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Am I part of the In Crowd? Observation versus inpatient admission

nurse-with-teen-patientHas this scenario ever happened to you? You rush your child to the Emergency department.  And while she starts looking a little better, you’re frightened at the prospect of being sent home in case things take a turn for the worse.

Then the doctor comes in to calm your fears – or does he?

“We think we need to keep her in the hospital,” he says, “so we are going to make her a 23-hour observation.”

What does that mean?  Will you really be camping out in the Emergency department for the next 23 hours?

Observation status is intended for children who are on the fence between admission and discharge.  If a child doesn’t meet generally accepted criteria for admission to a hospital, observation status gives hospitals a way to prolong an outpatient visit until the child is either clearly well enough for discharge, or becomes worse and does meet admission requirements.

From a parent’s perspective, things won’t look much different either way.  Your child will go up to a regular patient room, see the same nurses and doctors as admitted patients, have whatever testing and treatments are required, and be assessed for changes in condition.

Oh, and that 23-hour part, it’s really an outdated term. Nothing magical happens at the 23rd hour.

Generally your doctor will decide within a day or so whether your child is well enough to go home, or needs to be admitted to the hospital. In rare circumstances, that period can extend to 2 or more days.  Again, from your perspective, if your child gets fully admitted to the hospital, nothing will change — same nurses, same doctors, same good care.

Why make such a big deal then?

The major difference comes down to healthcare payment. As long as a patient is on observation status, for insurance purposes, she is an outpatient, even if she’s been in the hospital for 2 days.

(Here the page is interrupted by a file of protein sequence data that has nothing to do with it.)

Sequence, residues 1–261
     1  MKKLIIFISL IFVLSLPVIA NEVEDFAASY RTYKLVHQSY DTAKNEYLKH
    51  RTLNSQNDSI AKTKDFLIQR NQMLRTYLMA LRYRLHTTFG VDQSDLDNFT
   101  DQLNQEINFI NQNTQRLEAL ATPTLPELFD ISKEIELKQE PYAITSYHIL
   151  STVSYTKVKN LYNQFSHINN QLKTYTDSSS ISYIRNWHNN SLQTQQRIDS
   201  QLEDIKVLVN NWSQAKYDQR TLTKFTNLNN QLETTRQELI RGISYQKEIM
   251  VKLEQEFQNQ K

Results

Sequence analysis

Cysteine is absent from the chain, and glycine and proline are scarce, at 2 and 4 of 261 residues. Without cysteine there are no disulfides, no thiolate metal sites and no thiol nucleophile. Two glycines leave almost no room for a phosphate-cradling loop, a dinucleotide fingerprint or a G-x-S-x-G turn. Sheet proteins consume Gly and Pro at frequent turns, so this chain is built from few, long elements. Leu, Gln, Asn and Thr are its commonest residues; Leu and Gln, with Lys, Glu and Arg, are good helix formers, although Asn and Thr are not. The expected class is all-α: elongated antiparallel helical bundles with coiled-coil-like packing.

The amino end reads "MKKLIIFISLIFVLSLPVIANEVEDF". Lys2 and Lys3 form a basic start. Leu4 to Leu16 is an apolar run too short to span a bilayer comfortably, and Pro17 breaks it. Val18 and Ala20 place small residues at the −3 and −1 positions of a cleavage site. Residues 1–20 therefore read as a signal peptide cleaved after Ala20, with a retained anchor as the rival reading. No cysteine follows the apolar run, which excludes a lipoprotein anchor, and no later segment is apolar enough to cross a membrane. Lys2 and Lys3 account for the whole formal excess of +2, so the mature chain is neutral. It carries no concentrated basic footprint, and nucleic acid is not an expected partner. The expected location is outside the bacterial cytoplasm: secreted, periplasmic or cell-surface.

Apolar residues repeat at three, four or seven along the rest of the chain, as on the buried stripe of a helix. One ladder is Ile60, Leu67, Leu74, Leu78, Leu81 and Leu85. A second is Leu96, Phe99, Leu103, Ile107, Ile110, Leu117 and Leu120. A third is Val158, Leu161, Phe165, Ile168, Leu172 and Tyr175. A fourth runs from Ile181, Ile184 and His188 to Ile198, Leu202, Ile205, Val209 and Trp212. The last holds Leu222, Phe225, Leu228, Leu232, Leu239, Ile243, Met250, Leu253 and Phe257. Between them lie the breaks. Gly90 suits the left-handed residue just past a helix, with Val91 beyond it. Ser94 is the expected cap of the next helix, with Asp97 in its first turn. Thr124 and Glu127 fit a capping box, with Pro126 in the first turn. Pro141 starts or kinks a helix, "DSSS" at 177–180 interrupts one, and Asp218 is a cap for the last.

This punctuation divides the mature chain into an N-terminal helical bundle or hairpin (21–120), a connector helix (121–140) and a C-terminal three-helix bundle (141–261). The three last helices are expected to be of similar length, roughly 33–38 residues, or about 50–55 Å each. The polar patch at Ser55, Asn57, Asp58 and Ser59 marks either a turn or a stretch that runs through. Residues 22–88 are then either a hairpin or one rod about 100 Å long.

This may affect the portion of the hospital bill for which you’re responsible since it’s considered an outpatient service and not a hospitalization as far as your insurance company is concerned.

It’s important to remember that doctors make decisions about observation status and inpatient admissions based upon your child’s best interest, healthcare law and standard practices. They don’t simply pick the one that’s convenient or because it’s what you want to hear.

Here are some tips to keep in mind the next time you take your child to the ER:

  • If we plan to keep your child in the hospital, ask your doctor if he will be fully admitted or on observation status.
  • Review your insurance information to be sure you understand the difference between coverage for observation status and admission for you as a consumer.
  • If your child is on observation status, follow up with your doctor during rounds the next day.  Ask about any changes in status — remember the options are discharge, a full admission, or no change at all.

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About Dr. Eugene Mowad - Pediatric Hospitalist

Dr. Eugene Mowad is a board-certified pediatrician who specializes in the care of hospitalized children. He and his wife have 3 daughters, and in his free time, he's a musician and enjoys cooking and wine-making.

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